We should get rid of the levy system and introduce a user right to make personal copies. If the music industry feels they’re losing out from all these copies, they can raise the price of the music to compensate. But they won’t, they’ve already decided that 99 cents is a fair price for a song with the right to make copies included.

  2. Ms. Carpenter’s article is, generally, a fair recap of the issue. However, she asks “whether enough money will go to Canadian musicians from this levy, or simply to those imposing and collecting the levies”.

    On this issue, she is uninformed. CPCC’s costs of operation are well within the range of most collectives in the music industry. Our financial data is open to the public on our website for those interested on fact, as opposed to innuendo. CPCC is a non-profit collective, owned by the groups representing those songwriters, performers and others who receive the proceeds of the levy. There is no incentive for CPCC to run up excessive costs. We invite anyone interested in this issuecto seek further information from the CPCC website.

    David A. Basskin
    Canadian Private Copying Collective

  3. > The Conservatives have taken a particular dislike to the idea. In doing so, they seem to have bought into a “user-rights” philosophy where getting music for free is justified since it seems to benefit the user

    You are completely misrepresenting the Conservatives position. The Act is not about getting music for free!

    Downloading music will still be illegal. The Act aims to allow transferring between media– if I buy a CD, why shouldn’t I be able to import it onto my iPod?

    I would characterize the Conservatives position as saying you should pay for material once, not every time you store it on new media.

  4. Sorry, I said “I would characterize the Conservatives position as saying you should pay for material once, not every time you store it on new media.”

    But maybe I was wrong there since I think it’s still copyright infringement to transfer between media. So I guess the Conservatives position is “we shouldn’t force consumers to pay for this right using a levy on media”. Anyways my point stands that you are misrepresenting their position.

    If I may inject some opinion here, I still like the Conservative position better since, in reality, nobody gets sued for copying a CD onto their computer/mp3 player.

    Billy Barnes, you are a gentleman and a scholar. The right solution is a change in copyright law, not a levy that pays for something that common sense dictates we should be able to do.

    Back in the printing press days, there really weren’t any transfer of media issues. It’s not like people were making copies of manuscripts because they wanted a copy for the bathroom.

    Today, making a copy is cheap or free. CDs are often damaged, so why shouldn’t I be able to keep a copy on my mp3 player? I’ve bought CDs before, and only taken it out of the case once: to transfer it onto my computer.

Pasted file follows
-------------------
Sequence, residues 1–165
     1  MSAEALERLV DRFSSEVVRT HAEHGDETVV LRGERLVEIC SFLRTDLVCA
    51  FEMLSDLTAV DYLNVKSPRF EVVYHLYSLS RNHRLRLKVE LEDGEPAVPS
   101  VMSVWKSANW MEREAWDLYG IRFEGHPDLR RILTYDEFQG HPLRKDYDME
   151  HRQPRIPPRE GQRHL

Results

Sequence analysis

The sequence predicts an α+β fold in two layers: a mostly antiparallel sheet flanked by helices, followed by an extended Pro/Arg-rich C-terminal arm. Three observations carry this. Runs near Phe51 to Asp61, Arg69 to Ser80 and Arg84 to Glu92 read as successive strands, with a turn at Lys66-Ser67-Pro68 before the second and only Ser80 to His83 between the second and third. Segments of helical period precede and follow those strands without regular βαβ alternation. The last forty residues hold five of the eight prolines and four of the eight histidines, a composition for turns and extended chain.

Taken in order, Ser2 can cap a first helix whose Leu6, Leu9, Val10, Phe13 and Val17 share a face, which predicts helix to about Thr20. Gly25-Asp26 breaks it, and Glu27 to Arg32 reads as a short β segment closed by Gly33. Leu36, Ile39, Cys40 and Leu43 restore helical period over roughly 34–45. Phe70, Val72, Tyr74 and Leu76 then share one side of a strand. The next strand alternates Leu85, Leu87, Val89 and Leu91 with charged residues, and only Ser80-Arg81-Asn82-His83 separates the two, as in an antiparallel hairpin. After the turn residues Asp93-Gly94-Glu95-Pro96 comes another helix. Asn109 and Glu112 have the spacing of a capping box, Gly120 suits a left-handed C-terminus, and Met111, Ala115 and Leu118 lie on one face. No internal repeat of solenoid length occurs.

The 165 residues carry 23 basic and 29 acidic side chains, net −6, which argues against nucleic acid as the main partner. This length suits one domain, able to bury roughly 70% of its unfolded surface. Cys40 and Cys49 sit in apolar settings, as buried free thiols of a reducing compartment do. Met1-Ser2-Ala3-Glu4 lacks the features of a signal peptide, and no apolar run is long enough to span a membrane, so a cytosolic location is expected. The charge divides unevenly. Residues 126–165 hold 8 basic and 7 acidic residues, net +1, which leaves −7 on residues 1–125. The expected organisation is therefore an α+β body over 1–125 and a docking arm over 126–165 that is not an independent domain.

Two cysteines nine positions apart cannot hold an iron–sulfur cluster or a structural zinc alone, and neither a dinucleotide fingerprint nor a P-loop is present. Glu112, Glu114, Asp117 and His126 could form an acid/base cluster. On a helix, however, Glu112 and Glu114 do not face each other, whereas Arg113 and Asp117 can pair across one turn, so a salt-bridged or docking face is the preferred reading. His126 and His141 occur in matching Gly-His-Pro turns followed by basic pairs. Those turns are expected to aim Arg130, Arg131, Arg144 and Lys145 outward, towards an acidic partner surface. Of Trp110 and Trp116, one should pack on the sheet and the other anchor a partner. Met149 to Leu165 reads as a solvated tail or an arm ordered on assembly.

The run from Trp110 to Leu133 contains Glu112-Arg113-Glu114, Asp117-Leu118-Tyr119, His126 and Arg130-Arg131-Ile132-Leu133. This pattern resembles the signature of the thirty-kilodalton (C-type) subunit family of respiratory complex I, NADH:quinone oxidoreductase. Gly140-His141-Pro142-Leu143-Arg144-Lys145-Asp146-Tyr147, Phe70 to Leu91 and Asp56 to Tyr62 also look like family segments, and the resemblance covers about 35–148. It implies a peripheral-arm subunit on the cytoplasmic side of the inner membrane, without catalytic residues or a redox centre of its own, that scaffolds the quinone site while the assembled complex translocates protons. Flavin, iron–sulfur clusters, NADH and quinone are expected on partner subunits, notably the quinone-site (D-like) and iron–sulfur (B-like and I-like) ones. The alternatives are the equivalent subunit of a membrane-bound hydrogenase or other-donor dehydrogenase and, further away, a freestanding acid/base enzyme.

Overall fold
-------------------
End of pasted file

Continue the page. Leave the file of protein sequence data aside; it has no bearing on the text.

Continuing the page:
Do you honestly think this is a right I should have to pay for? This isn’t striking a balance– this is making us pay for a right that we really should be getting for “free” (as part of the original purchase).

  5. What just stuns me is that all of these “levies” are so readily accepted by the legal experts. The focus is entirely on infringers. What I am tired of is paying essentially twice for music. I purchase all of my music legitimately from both online services like iTunes and via physical CDs. Yet when I back this music up so I don’t lose it in a data disaster, I am *fined* for doing so. I am paying the levy for music I have already purchased to keep it safe. This is to say nothing about backing up critical data and documents I have created on physical media which I am also paying a fine for due to storing in on a writable optical media.

    Fair use. Penalize the criminal infringers. Stop prosecuting the legitimate customers. Also, stop fining people that aren’t even using the material for the levied scenario. It is a cash grab, and always has been. It has little to no effect on the market realities of the music industry. Judging from Apple’s latest earnings, and the success of the iTunes music store, I would say the revenue is flowing just fine when it’s convenient, fair and reasonably priced for a consumer to purchase the music and movie for their enjoyment.

    The idea of purchasing for the right to “format shift” which is a popular term for moving it between media like CDs and iPods, is ludicrous and unfair to the consumer. It expressly makes it desirable for the manufacturers AND for the producers of the works to make incompatible, finite-lived technologies that we must repurchase our libraries on over and over as they want to continue the revenue stream for no extra value. To say nothing of complete lock-in on the devices and further incompatibility. These laws discriminate against law abiding people by charging them in essence twice for purchase, and further encourage lock-in and abuse of consumers by the media companies.

    As the collective of Canadian artists stated clearly, “quit suing our customers”. Go after the people doing the infringing and quit abusing those of us that are paying for you to continue to create your great works.